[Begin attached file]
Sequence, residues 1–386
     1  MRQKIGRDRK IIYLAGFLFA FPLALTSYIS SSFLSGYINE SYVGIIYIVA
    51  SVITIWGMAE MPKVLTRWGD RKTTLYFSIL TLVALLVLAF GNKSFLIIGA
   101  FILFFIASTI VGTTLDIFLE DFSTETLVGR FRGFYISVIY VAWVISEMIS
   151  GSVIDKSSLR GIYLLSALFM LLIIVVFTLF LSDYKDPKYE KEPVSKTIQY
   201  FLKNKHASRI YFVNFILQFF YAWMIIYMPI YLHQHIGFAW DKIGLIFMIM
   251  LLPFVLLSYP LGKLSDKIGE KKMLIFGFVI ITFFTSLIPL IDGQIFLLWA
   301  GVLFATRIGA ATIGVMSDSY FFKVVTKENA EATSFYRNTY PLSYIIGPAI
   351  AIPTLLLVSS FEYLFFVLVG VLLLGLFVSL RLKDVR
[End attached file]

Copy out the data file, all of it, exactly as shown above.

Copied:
Sequence, residues 1–386
     1  MRQKIGRDRK IIYLAGFLFA FPLALTSYIS SSFLSGYINE SYVGIIYIVA
    51  SVITIWGMAE MPKVLTRWGD RKTTLYFSIL TLVALLVLAF GNKSFLIIGA
   101  FILFFIASTI VGTTLDIFLE DFSTETLVGR FRGFYISVIY VAWVISEMIS
   151  GSVIDKSSLR GIYLLSALFM LLIIVVFTLF LSDYKDPKYE KEPVSKTIQY
   201  FLKNKHASRI YFVNFILQFF YAWMIIYMPI YLHQHIGFAW DKIGLIFMIM
   251  LLPFVLLSYP LGKLSDKIGE KKMLIFGFVI ITFFTSLIPL IDGQIFLLWA
   301  GVLFATRIGA ATIGVMSDSY FFKVVTKENA EATSFYRNTY PLSYIIGPAI
   351  AIPTLLLVSS FEYLFFVLVG VLLLGLFVSL RLKDVR